A Blow Up Sex Doll and Fake Blood – Sophie Roberts on Silo Theatre’s Latest Offering

What can we expect from the show?

It’s still early days in rehearsal so I haven’t seen a run of the show yet but sometimes I spy on them through a little window into the room they are working in and it seems to be chaotic, wild fun in there. The rehearsal studio kind of looks like a very unstable and terrifying teenage girls bedroom. There’s (fake) blood and writing all over the walls, wigs, costumes and strange props everywhere, lots of dancing to Peaches and a semi deflated blow up sex doll in the corner of the room who appears to be some kind of tragic mascot for the show. Alice, the playwright, has one production stipulation at the beginning of the script, which is “This play should not be well behaved” and it looks like they are pretty on track.

      Gender has been a hot topic in New Zealand theatre over the past year, what do you think had driven the recent focus?

    I don’t think I know the answer to that. One thing I’ve found interesting recently is how you have a year where there are really only a handful of shows with a female focus or driven by female artists and suddenly it’s perceived by some people as a threatening kind of feminist uprising in the theatre (which I would be super up for by the way). I think it demonstrates how imbalanced things have been historically and how we are really only at the very beginning of addressing that imbalance as an industry.

      I’ve been thinking a lot about a Jill Soloway quote when I’m reading plays or watching work “Protagonism is propaganda that protects & perpetuates privilege” and I think theatre has a lot of catching up to do when it comes to who gets to stand at the centre of a story. Most of the time I find that challenge really motivating. But sometimes I get tired and frustrated and things happen in the industry or the wider world that make me feel like shouting at all the guys SIT DOWN AND SHUT UP IT HAS BEEN YOUR TURN FOR HUNDREDS OF YEARS. *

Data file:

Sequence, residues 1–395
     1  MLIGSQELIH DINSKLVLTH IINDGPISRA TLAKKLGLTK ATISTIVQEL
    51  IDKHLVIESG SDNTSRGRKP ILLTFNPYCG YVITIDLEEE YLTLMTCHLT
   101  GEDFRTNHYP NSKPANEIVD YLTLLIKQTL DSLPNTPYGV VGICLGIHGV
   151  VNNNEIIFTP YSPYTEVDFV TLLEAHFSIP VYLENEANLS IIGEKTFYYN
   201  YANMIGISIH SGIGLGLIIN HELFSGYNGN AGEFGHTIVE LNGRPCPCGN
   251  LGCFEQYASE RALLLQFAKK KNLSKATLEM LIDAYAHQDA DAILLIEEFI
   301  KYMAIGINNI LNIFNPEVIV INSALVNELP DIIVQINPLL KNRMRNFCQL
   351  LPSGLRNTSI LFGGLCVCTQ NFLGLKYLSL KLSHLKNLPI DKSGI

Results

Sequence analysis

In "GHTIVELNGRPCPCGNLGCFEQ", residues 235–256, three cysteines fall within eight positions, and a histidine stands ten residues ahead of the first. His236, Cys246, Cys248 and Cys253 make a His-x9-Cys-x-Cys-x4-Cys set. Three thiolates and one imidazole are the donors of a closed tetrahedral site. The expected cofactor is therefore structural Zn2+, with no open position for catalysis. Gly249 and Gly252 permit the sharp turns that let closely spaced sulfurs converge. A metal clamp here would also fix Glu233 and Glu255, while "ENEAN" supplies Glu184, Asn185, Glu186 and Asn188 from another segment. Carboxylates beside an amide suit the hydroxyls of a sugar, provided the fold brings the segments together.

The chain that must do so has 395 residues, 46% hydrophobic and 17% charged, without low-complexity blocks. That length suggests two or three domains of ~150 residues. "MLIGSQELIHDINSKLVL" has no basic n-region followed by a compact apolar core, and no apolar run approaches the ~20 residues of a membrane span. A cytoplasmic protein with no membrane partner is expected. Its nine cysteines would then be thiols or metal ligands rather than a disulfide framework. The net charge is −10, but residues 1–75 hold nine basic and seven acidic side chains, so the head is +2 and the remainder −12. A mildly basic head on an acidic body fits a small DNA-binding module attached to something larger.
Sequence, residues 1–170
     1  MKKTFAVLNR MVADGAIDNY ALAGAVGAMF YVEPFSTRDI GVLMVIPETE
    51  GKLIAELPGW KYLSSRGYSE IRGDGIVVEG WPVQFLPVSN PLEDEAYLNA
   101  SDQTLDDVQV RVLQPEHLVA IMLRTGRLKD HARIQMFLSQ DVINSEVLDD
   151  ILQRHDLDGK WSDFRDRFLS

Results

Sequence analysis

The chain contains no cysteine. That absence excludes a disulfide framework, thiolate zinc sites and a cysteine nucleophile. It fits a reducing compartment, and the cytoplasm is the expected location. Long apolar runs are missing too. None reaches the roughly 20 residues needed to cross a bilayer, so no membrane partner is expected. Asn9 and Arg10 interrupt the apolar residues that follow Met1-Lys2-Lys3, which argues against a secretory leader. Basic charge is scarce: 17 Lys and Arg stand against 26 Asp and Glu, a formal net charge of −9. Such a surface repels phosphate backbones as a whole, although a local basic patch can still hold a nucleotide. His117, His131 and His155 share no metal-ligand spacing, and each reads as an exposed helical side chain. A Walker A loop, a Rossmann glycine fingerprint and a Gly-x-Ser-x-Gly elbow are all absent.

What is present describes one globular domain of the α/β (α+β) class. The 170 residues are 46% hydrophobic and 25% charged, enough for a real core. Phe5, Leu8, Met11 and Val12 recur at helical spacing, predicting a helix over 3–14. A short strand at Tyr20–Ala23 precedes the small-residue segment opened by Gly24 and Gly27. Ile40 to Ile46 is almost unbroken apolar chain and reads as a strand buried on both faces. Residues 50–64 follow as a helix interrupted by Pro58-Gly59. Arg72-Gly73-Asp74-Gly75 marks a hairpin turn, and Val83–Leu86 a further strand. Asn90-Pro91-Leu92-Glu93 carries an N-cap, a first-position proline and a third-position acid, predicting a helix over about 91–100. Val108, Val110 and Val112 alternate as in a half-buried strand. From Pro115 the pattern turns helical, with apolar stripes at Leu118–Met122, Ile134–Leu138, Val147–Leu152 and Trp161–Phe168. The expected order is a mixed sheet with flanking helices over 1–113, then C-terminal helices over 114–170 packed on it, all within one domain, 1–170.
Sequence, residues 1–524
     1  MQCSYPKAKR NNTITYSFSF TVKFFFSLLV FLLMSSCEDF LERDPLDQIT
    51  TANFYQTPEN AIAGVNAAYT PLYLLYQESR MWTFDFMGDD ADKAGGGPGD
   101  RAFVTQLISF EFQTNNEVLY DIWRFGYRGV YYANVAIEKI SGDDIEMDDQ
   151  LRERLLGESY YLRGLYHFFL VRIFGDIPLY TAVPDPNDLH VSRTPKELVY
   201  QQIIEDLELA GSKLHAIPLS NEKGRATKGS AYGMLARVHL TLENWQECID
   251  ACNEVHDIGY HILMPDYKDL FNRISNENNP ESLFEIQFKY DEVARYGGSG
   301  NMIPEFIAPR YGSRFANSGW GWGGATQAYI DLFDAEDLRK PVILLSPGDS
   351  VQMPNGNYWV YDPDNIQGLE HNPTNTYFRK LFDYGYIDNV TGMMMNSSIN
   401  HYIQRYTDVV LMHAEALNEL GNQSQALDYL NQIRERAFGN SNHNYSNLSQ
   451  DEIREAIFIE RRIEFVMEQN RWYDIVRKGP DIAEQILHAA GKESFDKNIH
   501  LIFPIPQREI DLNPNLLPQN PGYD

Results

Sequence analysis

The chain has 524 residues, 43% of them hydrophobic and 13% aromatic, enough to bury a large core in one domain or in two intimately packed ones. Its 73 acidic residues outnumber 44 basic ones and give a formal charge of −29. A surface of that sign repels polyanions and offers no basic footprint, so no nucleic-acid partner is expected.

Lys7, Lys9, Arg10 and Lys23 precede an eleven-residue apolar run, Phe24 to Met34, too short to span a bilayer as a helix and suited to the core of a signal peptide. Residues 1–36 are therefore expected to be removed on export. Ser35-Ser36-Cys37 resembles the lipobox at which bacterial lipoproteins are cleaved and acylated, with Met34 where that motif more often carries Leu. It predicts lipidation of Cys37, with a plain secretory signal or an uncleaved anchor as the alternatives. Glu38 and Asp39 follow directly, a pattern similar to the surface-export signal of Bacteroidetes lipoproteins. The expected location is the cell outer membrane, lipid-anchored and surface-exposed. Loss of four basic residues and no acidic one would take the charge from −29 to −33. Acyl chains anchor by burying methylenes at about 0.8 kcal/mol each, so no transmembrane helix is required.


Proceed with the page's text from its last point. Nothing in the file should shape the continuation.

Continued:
*Some of my best friends are men

    Silo has a reputation for theatre that challenges, by Silo’s standards where do you think this show falls?

    That’s hard to answer objectively as what I’m going to find challenging in the storytelling is going to be totally different to the person sitting next to me in the theatre. But when I read it I though it was smart, and funny and the kind of outspoken voice I find wildly attractive. I like that it’s examining a really specific aspect of the female experience, which is language. Its major concern is looking at how we talk to and about women. I mean as much as I would love to think we could dismantle the patriarchy altogether in an hour at The Basement I like that Revolt is seeking to be a voice in the conversation, not the whole conversation.

      What reaction are you hoping the show gets?

      I hope people feel emboldened by its rebellious spirit, I think we all need a very big dose of that in the world at the moment, things that makes us feel on fire rather than hopeless. I hope people walk out into the night and feel bigger, braver, madder and naughtier.

    Finally, what are you looking forward to seeing at the Fringe Festival?

    Heaps! In particular two of my mates shows, Julia Croft’s Power Ballad and I hear Thomas Sainsbury’s written a slasher musical about STDs? Keen. And I’m looking forward to discovering new people and new ideas, which I think is one of the best things about Fringe.

      See Silo Theatre Presents: Revolt. She Said. Revolt. Again. at The Basement from 21 Feb – 11 Mar.
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